“The Flash” star Ezra Miller and “Harry Potter” alum Emma Watson really bonded while working on the movie “The Perks of Being a Wallflower,” so when Miller nabbed the role of Credence Barebone in the “Harry Potter” spin-off “Fantastic Beasts and Where to Find Them,” he immediately contacted Watson.

“Emma was the first person I called,” Miller said during a recent New York press conference, according to UPI. “I think, usually, if you know someone who has worked with anyone who you are about to work with, it seems rational to check in and find out what you are plunging into. And, fortunately, when I called Emma, I was given good news. She told me what a magical experience it was for her.”

Miller said Watson even gave him advice on how to best deal with director David Yates. Unlike other filmmakers, Watson revealed that Yates is unflappable.

“But, particularly, she tried to prepare me for the wonder of David Yates and help me understand,” he continued. “I asked her.... I was like, ‘Yeah, I met him and he seems so kind and calm, but when you start shooting that must all fall apart and he’s yelling at department heads to get the job done, right?’ And she was like, ‘Actually, Ezra, no, he will remain that calm through the entire production.’ Which is true and an amazing thing.”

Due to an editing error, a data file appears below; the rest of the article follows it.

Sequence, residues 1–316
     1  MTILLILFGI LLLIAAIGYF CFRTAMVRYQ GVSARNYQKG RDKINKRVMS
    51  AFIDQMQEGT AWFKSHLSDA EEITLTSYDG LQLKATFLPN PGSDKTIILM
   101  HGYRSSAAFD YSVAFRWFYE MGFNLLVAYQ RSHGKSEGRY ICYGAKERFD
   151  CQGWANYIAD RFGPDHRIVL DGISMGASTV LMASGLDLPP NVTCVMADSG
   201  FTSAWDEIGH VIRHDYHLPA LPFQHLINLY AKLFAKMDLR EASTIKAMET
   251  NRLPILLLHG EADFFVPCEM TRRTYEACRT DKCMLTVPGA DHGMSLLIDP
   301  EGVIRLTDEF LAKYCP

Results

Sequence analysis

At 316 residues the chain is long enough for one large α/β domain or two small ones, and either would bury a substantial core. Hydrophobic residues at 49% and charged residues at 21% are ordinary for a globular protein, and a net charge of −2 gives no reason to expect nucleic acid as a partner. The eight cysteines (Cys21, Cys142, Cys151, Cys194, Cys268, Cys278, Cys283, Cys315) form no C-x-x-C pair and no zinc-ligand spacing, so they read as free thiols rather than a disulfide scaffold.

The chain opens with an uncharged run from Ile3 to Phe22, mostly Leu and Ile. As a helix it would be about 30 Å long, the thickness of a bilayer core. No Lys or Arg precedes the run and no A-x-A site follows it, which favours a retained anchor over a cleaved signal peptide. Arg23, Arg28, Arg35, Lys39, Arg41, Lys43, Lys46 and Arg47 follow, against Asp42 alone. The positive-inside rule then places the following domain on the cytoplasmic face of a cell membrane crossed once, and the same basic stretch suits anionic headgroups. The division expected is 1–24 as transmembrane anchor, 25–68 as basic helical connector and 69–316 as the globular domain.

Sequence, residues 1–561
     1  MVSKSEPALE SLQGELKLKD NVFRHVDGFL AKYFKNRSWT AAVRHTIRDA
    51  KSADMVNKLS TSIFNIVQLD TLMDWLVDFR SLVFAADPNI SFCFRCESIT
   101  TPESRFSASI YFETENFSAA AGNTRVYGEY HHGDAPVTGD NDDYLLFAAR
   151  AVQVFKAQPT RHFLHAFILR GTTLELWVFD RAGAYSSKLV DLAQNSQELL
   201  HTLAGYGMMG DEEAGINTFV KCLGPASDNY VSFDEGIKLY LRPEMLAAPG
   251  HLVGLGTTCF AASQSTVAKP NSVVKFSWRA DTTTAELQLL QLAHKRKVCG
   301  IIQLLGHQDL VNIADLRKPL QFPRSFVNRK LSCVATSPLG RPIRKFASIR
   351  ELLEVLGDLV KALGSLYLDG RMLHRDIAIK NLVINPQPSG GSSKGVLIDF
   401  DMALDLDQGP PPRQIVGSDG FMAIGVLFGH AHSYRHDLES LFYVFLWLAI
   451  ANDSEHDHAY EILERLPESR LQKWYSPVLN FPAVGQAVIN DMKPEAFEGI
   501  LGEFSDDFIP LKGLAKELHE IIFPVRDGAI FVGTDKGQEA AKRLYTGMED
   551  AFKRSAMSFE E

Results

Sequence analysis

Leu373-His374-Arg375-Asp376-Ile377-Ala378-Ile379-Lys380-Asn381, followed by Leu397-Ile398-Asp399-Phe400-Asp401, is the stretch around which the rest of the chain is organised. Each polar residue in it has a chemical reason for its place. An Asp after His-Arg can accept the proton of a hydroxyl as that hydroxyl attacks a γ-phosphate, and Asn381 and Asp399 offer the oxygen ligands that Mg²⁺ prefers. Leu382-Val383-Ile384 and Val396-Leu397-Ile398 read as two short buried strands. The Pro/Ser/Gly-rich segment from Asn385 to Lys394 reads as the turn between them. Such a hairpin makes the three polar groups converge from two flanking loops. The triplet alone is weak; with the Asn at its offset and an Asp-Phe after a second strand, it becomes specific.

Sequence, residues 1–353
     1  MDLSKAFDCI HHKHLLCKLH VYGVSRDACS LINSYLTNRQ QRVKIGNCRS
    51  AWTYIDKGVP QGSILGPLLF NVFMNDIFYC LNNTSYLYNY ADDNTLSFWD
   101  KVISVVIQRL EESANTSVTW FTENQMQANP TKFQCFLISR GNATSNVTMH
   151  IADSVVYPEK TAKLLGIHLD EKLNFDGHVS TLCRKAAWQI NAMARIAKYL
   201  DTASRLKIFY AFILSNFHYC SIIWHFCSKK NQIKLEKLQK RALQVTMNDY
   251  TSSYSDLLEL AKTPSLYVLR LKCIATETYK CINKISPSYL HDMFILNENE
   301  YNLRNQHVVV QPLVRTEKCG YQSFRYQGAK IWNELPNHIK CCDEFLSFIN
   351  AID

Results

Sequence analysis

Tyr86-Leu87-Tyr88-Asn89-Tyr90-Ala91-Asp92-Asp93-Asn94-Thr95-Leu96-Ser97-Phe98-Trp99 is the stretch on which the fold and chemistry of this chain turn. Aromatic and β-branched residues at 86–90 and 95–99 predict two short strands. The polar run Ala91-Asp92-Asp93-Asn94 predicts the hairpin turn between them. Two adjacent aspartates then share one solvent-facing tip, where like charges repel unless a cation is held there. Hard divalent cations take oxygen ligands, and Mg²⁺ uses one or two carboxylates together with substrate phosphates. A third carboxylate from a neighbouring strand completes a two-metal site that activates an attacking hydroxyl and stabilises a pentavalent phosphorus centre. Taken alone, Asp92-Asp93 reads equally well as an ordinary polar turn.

Miller is such a huge fan of J.K. Rowling’s works, so being a part of “Fantastic Beasts” and having the chance to work with actors such as Eddie Redmayne (Newt Scamander) and Colin Farrell (Percival Graves) really meant a lot to him.

“I admire both of their work immensely. I think they’re both really brilliant, brilliant artists and yeah, it’s been really, really, fruitful,” he told Collider, adding that he is “super grateful to work with great actors. It makes it possible to slip deep into a world of illuminated fantasy.”

Meanwhile, the movie’s producer, David Heyman, promised that the film will still evoke the same level of awe and wonder as the first eight “Harry Potter” films. “The ‘Potter’ films and this film all emanate from a place of character. Newt is an outsider, a bit like all of [J.K.’s] characters,” he told The New York Times.